A huge part of Cowie's aesthetic is incorporating everyday items into the party set-up, or using things in new and unexpected ways. Examples abound in his centerpieces.
Cowie appreciates the beauty and elegance of flowers for centerpieces (and uses them in many of the parties he plans) but he says that for entertaining in the home, it's just as effective to use fruit, vegetables, nuts or candles as centerpieces. They're very attainable, don't cost much, and stay fresher longer. They can also be extremely colorful.
Cowie uses color as a major element in his party set-ups. Everything is usually tied together through one aspect of the theme, and in Colin's case, this is often done with a color scheme.
Applying his principles, Cowie takes two summer tables and re-invents them for fall. He likens it to changing your wardrobe with the seasons, often by simply accessorizing. "It's bringing fashion to the table," he says.
A summer country table set in natural/cream tones and fibers can be transformed by adding or swapping the following accessories:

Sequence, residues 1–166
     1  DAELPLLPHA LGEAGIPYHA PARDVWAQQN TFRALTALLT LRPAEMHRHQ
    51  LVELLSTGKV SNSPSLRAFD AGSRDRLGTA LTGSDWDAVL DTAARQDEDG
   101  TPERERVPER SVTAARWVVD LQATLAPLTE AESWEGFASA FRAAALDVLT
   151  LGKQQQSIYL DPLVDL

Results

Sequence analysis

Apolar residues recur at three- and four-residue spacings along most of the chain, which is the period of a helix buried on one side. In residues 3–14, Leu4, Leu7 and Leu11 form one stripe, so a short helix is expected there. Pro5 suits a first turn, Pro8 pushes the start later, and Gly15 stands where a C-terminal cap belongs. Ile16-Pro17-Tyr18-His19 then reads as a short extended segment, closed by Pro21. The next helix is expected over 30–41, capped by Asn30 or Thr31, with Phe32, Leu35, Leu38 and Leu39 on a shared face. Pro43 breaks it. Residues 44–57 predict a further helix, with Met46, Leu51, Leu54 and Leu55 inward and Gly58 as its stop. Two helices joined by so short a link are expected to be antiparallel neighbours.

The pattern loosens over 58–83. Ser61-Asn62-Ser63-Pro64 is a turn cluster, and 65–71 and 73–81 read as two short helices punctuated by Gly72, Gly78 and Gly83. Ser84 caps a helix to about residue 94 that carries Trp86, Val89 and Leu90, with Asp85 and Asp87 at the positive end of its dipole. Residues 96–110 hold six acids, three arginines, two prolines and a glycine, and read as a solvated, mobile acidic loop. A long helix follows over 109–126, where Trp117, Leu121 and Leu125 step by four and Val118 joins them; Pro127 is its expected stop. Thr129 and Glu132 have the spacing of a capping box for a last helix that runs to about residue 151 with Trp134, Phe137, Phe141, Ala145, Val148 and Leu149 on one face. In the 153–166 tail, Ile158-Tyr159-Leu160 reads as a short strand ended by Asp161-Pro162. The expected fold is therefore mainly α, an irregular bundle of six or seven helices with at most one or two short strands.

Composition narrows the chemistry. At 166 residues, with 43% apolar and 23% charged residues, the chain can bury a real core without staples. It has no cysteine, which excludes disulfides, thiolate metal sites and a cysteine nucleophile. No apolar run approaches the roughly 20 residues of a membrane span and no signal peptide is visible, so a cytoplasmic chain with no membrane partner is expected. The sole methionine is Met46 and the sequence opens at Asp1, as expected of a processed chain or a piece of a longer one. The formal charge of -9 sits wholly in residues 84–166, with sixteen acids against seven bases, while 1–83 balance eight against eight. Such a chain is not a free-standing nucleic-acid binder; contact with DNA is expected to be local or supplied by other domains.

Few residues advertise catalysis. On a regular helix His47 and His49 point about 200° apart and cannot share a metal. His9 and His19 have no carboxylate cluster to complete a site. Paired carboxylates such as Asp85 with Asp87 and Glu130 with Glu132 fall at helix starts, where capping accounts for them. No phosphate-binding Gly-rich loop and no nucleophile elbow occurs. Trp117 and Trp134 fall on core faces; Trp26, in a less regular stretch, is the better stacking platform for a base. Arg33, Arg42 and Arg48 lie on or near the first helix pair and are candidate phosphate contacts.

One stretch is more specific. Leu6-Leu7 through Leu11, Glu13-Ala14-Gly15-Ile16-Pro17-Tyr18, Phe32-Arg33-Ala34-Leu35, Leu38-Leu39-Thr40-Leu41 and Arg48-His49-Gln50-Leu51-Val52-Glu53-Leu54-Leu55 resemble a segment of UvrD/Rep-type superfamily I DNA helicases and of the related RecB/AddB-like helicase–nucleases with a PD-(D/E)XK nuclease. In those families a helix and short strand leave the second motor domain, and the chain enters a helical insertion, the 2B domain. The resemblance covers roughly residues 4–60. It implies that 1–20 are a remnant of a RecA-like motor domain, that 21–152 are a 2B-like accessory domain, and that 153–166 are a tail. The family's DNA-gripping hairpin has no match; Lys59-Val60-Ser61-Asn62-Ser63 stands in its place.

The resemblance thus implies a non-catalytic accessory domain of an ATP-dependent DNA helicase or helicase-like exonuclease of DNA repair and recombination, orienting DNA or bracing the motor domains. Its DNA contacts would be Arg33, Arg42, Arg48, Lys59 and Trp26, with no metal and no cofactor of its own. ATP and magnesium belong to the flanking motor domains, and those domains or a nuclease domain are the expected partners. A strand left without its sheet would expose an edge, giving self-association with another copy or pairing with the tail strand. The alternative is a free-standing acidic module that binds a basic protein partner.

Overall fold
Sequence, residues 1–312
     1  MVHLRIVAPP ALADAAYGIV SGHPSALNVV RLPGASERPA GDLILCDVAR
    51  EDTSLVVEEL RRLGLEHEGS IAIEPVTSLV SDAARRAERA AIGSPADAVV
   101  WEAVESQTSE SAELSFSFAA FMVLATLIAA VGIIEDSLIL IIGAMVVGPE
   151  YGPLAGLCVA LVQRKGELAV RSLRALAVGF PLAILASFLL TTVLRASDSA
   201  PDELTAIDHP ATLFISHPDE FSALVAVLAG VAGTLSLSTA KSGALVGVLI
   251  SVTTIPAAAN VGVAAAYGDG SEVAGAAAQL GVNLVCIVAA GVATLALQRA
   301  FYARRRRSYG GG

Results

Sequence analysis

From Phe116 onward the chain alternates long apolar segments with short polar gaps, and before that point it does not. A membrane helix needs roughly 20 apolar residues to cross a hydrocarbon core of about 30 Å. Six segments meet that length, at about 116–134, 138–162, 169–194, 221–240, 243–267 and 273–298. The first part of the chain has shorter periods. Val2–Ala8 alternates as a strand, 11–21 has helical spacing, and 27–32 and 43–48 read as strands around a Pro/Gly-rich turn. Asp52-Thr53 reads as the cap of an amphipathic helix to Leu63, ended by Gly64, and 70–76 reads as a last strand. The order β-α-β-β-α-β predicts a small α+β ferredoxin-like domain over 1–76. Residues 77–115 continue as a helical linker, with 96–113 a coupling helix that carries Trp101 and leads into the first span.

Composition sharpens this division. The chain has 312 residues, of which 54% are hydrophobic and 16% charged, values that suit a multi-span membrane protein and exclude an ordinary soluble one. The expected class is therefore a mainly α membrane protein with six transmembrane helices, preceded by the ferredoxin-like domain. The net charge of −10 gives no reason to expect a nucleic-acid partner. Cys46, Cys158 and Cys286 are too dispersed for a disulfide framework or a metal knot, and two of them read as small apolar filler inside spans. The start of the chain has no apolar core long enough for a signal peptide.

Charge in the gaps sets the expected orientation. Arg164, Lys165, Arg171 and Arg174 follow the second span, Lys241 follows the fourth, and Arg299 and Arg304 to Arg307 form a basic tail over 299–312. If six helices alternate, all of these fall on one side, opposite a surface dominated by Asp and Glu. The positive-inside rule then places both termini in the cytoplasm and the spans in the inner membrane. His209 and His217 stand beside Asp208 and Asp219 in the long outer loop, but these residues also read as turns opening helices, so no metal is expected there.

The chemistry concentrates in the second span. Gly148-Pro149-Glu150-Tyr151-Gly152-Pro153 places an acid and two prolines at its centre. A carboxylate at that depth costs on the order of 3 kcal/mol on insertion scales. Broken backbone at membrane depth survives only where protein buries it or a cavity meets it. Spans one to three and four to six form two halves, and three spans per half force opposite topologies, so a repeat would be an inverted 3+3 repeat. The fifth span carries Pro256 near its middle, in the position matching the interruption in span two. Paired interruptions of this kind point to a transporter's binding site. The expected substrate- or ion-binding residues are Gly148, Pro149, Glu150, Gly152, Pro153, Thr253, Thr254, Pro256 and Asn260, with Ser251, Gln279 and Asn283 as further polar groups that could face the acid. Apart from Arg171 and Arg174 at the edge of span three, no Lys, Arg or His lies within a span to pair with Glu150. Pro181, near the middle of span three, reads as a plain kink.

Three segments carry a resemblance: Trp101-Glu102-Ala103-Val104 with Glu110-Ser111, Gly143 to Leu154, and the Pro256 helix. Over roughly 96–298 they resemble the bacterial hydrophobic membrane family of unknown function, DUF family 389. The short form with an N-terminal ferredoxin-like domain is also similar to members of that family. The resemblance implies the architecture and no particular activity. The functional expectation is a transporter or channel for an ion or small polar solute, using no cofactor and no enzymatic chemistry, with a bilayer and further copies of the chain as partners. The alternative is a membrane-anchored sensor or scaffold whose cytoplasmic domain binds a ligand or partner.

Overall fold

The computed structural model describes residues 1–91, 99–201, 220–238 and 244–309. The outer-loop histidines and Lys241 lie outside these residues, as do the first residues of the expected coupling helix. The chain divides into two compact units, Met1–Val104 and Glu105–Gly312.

A centerpiece brings all the elements together and gives a table its finished look. In this case, Cowie swaps a summery wheatgrass centerpiece with a leaf platter full of limes and coconuts for late summer. For a more fall feel, he opts for a simplistic look with three hurricane candles.
A basic set of china in a neutral color allows you to mix and match at will. Cowie prefers to remove all the tropical green colors from the centerpieces to the napkins to the glasses -- leaving only a light natural color scheme for the fall.
A summer evening table can just as easily be transformed to a fall evening table.
Cowie is not a big believer in full place settings, but instead suggests buying sets of accent plates, either salad or desert plates, from flea markets or during a department store sale. They can help re-invent an existing set of china.
Napkins can also be a stylish and inexpensive accent element. Ethnic prints, such as an Indian print, are very fashionable (as we see with sarongs, etc.), and can now be found everywhere in low price points starting at $2 each.
A simple wooden bowl with nuts, fruits, or pods lends organic tones to a table for that autumn look. Cowie sets the bowl and two tall wooden candlesticks asymmetrically on a table for added effect. The rest of the space is filled with several votive candles he's wrapped in cellophane paper with autumn colors such as burnt orange.